During the recent civil war, protest was virtually impossible and the right to peaceful assembly enshrined in the Transitional Constitution was effectively suspended. People who gather in public to promote any cause run the risk of deadly attacks by security services and rebel forces alike. Although some protests do occur, violence is common and the authorities frequently use excessive force to disperse crowds. A number of civil society activists were targeted in 2015 for protesting against a lack of protection at a local market. Instead of responding to their concerns, the authorities arrested the protestors. Previously, in December 2012, more than 25 protestors in Wau were reportedly killed by the South Sudan Armed Forces. From 2015, the state also made use of the National Security Service Act that gives intelligence officers broad powers to arrest, search and detain citizens.
The right to free expression is regularly and seriously violated in South Sudan, as the state aggressively denies citizens and the media the ability to impart and receive information and opinions.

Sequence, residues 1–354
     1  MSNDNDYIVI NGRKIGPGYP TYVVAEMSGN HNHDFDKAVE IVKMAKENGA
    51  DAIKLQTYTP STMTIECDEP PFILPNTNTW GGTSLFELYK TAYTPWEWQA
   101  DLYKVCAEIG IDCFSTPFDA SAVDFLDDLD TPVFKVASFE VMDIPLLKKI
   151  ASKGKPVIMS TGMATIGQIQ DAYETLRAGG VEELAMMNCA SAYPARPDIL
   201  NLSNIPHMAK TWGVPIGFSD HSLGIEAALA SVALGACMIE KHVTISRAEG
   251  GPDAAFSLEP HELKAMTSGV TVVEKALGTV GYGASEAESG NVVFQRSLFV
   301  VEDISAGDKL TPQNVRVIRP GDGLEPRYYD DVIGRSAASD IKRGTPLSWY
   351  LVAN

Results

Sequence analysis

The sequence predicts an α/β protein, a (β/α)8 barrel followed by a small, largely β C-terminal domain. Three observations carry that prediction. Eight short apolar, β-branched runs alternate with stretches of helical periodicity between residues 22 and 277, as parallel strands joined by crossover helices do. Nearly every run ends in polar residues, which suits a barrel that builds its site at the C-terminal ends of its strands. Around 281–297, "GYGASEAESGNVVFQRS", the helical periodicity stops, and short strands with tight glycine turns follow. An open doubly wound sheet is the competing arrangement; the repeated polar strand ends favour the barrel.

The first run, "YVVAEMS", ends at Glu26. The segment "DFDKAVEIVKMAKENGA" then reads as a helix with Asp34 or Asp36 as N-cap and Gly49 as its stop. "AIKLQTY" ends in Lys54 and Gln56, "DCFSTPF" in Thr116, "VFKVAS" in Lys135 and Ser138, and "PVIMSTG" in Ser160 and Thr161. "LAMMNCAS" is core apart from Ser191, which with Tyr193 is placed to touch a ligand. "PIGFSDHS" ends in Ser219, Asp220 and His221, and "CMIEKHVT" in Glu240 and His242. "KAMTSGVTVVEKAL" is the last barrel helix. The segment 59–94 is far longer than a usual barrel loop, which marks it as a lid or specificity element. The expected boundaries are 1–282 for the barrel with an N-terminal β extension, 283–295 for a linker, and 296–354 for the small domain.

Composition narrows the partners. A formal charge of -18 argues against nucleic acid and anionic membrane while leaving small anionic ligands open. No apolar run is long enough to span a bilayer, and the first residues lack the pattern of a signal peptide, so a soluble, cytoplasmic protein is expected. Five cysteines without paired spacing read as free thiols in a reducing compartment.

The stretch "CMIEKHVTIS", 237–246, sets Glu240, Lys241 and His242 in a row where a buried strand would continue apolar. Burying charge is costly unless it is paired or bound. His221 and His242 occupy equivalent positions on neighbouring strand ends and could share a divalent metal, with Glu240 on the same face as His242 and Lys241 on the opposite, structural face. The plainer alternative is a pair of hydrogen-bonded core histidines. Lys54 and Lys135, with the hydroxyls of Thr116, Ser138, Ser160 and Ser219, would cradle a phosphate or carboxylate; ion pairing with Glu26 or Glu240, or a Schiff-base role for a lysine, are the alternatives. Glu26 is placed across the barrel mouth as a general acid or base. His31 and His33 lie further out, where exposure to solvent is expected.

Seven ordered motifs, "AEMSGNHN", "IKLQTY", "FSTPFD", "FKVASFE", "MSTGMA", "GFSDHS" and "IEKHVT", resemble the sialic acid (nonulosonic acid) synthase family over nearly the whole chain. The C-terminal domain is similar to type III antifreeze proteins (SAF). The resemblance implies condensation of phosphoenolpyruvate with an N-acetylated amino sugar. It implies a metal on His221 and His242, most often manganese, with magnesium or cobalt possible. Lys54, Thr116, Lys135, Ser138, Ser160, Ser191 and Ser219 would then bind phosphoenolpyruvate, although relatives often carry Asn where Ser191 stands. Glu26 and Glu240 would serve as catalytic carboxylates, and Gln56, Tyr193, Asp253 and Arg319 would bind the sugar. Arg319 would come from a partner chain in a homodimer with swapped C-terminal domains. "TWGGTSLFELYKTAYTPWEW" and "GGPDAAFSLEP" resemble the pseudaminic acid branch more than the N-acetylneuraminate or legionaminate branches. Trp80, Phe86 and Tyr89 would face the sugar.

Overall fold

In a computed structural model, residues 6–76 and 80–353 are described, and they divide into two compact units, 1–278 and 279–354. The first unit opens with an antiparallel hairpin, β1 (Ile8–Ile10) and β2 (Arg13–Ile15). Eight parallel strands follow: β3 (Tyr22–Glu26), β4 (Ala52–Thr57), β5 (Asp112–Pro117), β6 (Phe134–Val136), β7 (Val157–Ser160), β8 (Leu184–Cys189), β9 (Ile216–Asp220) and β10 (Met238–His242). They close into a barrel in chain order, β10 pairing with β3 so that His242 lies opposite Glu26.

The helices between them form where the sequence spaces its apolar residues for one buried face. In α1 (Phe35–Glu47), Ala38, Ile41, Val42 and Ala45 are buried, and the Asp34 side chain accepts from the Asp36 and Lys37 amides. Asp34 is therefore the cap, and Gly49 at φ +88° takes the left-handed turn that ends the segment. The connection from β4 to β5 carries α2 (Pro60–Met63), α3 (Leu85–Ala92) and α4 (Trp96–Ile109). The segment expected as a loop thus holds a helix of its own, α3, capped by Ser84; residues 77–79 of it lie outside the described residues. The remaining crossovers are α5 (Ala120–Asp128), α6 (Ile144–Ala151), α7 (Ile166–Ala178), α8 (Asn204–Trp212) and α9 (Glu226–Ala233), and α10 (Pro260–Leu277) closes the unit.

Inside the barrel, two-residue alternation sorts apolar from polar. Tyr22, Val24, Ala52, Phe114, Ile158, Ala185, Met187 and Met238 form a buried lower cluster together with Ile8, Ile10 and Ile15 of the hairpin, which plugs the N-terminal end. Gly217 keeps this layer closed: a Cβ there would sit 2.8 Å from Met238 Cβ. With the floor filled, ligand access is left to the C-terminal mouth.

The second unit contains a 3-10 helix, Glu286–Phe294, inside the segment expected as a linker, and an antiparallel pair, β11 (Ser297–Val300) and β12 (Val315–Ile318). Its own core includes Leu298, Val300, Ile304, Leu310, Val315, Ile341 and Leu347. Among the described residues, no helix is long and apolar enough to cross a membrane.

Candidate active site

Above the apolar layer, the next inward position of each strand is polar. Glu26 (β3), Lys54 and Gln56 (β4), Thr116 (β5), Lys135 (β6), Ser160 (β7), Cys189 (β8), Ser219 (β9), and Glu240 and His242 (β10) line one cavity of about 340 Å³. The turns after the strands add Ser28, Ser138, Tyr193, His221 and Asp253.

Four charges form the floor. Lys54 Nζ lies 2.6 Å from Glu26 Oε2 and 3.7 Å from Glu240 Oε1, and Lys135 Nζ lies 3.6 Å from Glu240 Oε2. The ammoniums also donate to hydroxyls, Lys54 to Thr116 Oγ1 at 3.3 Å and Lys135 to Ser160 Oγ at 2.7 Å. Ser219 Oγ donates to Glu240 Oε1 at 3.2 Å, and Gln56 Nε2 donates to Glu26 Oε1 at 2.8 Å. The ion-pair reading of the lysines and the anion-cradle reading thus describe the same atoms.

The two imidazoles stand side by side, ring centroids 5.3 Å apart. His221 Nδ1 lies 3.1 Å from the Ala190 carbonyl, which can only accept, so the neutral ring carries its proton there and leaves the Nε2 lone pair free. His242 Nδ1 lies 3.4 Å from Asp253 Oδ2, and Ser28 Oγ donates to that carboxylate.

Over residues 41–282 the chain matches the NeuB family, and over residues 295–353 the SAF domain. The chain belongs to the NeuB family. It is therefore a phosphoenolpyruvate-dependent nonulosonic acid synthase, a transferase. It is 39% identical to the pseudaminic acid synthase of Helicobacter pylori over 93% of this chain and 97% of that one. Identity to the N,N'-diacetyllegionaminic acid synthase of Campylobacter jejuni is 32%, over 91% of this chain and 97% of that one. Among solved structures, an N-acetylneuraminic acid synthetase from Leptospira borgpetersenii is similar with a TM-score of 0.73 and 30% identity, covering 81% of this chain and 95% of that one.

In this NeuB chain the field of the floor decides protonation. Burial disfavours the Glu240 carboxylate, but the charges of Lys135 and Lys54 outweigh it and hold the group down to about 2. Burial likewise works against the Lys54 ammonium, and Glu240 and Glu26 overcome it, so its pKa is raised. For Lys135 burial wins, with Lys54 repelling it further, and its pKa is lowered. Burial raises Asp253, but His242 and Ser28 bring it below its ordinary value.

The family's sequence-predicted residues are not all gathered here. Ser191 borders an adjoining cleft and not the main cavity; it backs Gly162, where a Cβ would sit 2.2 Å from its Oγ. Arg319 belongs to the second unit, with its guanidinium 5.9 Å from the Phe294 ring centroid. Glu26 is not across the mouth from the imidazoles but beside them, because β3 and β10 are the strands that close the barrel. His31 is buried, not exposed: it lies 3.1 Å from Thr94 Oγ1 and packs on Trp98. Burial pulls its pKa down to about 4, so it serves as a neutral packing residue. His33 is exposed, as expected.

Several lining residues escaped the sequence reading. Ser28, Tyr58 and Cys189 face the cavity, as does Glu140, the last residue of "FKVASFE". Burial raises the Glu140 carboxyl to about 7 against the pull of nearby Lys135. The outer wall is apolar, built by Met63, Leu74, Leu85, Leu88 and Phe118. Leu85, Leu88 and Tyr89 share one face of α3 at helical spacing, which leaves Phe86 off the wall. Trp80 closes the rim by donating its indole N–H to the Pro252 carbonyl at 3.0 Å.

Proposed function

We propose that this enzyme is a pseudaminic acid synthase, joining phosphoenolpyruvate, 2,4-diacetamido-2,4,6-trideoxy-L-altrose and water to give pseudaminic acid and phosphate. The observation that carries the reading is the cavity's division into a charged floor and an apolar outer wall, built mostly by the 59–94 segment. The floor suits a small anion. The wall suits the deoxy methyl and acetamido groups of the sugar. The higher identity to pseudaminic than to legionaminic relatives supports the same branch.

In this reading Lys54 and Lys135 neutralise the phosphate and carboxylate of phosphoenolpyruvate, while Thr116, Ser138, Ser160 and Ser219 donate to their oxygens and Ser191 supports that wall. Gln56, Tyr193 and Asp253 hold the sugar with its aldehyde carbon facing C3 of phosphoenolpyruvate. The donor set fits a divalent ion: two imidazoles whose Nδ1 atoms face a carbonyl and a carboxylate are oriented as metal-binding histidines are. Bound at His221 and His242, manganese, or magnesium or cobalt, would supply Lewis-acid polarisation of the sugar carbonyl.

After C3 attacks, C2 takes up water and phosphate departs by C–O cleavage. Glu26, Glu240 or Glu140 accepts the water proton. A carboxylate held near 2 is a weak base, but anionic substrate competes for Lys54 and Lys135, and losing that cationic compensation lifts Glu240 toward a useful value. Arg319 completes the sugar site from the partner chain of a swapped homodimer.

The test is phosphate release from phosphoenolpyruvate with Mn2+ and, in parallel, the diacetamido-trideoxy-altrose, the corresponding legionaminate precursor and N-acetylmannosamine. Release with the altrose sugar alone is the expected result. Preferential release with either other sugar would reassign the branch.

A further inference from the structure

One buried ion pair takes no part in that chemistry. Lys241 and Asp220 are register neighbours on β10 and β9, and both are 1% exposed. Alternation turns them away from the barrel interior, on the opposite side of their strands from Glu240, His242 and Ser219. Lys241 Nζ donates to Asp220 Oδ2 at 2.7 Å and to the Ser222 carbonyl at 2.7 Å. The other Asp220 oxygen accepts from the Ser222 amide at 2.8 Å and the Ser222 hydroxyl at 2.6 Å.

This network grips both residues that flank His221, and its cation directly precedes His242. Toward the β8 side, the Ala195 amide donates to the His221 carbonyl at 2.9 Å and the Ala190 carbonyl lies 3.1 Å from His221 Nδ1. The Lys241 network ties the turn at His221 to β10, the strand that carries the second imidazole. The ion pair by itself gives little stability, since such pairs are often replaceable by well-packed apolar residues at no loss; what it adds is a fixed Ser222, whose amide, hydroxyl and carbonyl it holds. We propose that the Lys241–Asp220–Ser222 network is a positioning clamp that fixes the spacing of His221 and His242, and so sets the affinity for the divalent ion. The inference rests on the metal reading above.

The right to free expression is regularly and seriously violated in South Sudan, as the state aggressively denies citizens and the media the ability to impart and receive information and opinions. Numerous newspapers and radio stations have been shut down by the authorities, who have also seized the print runs of newspapers on several occasions when inconvenient stories are published. The situation worsened after the outbreak of civil war in December 2013 as the state and rebel factions sought to quell any reporting that might shine a light on atrocities and human rights abuses being committed by them. In August 2015, President Salva Kiir threatened to kill journalists who report negatively on the country. Individual journalists faced huge risks for reporting on the conflict as many were threatened, kidnapped, tortured, suffered forced disappearances or were killed; many others were forced to live in exile. This treatment of journalists continues even with the signing of a peace accord. In March 2016, journalist and editor of El Tabeer newspaper Joseph Afandi was abducted and later found with severe burns and torture marks on his body. Two months earlier he was held by the intelligence body for criticising the ruling party for failing to protect civilians. In these circumstances, people in South Sudan struggle to gain access to fact-based and impartial reporting. Internet penetration remains low in South Sudan, with just one in seven people online as of 2014.